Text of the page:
The Survival of Wild Species
Chapter 4: The economic worth of conserving the Asian elephant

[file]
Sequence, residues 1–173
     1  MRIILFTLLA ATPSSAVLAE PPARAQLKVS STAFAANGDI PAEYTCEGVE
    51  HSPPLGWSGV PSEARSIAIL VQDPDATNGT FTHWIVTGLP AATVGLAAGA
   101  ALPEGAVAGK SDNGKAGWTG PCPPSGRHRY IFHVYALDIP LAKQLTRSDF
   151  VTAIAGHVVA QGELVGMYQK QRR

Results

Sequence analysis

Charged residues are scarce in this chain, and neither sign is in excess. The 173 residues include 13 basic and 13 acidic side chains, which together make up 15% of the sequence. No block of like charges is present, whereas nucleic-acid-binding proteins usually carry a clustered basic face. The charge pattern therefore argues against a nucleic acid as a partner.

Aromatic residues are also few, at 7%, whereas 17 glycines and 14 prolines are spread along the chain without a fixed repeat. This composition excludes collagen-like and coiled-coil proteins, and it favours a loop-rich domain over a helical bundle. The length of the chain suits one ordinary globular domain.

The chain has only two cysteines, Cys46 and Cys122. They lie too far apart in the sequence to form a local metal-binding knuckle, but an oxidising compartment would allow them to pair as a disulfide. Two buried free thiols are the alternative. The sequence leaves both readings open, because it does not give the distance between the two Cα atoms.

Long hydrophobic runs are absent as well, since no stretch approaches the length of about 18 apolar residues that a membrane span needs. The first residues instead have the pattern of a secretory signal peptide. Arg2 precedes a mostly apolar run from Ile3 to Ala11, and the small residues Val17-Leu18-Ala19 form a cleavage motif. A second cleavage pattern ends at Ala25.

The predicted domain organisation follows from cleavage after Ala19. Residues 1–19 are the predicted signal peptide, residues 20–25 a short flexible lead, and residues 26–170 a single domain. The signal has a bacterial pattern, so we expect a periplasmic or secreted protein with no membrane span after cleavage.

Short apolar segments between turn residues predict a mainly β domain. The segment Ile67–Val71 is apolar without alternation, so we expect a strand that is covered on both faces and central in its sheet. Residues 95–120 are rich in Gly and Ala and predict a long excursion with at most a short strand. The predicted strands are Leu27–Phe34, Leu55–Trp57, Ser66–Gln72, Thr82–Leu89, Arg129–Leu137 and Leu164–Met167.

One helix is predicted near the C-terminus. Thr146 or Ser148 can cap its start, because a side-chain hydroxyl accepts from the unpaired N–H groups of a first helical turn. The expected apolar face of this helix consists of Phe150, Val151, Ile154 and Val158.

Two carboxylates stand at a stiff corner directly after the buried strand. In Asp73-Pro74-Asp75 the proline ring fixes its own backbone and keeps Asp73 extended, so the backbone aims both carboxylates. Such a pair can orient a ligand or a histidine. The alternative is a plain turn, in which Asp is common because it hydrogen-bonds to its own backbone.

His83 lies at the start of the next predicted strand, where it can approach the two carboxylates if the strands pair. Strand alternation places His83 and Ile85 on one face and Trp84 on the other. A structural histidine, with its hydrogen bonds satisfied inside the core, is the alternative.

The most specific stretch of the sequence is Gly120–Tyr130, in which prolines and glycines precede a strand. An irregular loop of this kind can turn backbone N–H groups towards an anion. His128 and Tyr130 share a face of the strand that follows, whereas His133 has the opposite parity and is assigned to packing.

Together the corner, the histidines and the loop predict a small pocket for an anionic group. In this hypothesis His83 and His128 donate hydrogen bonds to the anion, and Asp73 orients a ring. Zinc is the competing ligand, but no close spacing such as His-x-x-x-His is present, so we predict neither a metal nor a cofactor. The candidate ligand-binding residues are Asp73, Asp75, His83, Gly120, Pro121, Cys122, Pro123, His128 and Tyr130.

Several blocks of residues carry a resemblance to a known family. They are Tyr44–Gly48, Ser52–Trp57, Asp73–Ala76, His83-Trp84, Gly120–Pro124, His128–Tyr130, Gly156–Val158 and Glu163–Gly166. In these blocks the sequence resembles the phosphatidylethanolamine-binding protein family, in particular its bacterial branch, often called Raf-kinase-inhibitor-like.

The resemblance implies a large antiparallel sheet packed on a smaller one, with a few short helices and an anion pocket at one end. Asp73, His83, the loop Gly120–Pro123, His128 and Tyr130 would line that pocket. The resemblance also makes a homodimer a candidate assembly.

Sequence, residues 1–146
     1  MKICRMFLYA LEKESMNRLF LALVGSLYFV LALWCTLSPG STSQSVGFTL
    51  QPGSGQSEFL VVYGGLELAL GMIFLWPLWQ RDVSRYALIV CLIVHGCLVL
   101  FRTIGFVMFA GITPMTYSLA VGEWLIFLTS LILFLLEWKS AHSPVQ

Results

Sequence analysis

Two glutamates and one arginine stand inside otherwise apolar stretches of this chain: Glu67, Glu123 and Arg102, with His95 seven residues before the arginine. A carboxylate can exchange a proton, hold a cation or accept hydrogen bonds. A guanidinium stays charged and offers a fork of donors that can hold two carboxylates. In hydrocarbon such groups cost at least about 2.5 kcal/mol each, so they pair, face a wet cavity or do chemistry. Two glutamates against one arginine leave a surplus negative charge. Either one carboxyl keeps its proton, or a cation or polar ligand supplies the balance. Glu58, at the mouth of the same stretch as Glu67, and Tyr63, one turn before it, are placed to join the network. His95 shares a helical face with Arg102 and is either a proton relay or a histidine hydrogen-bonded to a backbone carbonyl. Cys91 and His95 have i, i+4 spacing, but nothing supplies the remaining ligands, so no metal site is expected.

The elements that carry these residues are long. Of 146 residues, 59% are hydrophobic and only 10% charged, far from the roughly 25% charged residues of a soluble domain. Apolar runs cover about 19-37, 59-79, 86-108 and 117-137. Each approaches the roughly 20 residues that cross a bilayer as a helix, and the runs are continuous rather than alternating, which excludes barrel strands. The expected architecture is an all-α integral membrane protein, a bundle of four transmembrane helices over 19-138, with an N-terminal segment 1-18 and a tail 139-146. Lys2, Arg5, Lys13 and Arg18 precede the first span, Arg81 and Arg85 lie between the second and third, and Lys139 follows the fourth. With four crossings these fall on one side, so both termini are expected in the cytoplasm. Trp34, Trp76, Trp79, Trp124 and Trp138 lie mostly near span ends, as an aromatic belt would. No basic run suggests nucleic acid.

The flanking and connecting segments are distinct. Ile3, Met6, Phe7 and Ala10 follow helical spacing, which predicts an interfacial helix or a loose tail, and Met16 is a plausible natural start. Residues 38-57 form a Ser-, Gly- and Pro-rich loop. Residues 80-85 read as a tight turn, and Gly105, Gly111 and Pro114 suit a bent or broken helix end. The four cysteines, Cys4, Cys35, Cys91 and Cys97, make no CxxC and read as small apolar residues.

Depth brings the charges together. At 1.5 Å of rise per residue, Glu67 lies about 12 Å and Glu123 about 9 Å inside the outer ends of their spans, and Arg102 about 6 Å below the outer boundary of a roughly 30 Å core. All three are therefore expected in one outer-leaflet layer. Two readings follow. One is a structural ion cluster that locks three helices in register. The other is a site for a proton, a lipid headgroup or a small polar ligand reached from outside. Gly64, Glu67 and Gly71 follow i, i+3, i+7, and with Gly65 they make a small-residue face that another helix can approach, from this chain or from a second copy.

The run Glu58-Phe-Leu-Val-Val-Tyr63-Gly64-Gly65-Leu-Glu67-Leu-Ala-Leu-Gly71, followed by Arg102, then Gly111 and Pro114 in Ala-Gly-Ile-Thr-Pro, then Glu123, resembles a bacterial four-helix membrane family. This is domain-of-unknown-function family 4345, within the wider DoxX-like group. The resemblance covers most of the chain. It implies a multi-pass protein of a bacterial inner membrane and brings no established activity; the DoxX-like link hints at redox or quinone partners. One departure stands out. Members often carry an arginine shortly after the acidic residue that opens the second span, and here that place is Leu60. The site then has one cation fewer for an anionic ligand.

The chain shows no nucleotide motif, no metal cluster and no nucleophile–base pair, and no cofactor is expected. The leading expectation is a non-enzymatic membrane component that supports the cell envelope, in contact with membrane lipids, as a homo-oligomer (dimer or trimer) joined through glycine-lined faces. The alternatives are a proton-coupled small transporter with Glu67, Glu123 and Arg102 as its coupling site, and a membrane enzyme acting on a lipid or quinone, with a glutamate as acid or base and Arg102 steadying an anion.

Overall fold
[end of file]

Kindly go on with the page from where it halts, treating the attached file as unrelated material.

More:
Both the Asian elephant (Elephas maximus) and the African elephant (Loxodonta africana) are described by the International Union for Conservation of Nature (IUCN) as being threatened with extinction but the threat appears to be greater for the former than the latter (Blanc, 2008; Choudhury et al., 2008). Despite this, much more attention seems to have been given to assessing the economics of conserving the African elephant than its Asian counterpart. Nevertheless, beginning a little over a decade ago, Bandara and Tisdell undertook research to determine the economic worth to Sri Lankans of conserving Asian elephants in Sri Lanka (see, for example, Bandara and Tisdell, 2002a, 2003a, 2003b, 2004, 2010). The purpose of this chapter is to outline the nature of this research and its main findings, update aspects of the analysis and integrate the results with the biodiversity conservation theme of this book. First, general information is provided about the nature and status of the Asian elephant and threats to its continuing existence. As part of the research completed by Bandara and Tisdell, a survey was undertaken of a sample of urban Sri Lankans to determine their willingness to pay for the conservation of elephants in Sri Lanka. The nature of the survey is outlined and the results are reported and analysed. Elephants cause considerable damage to agricultural crops and from this point of view, are a serious pest.
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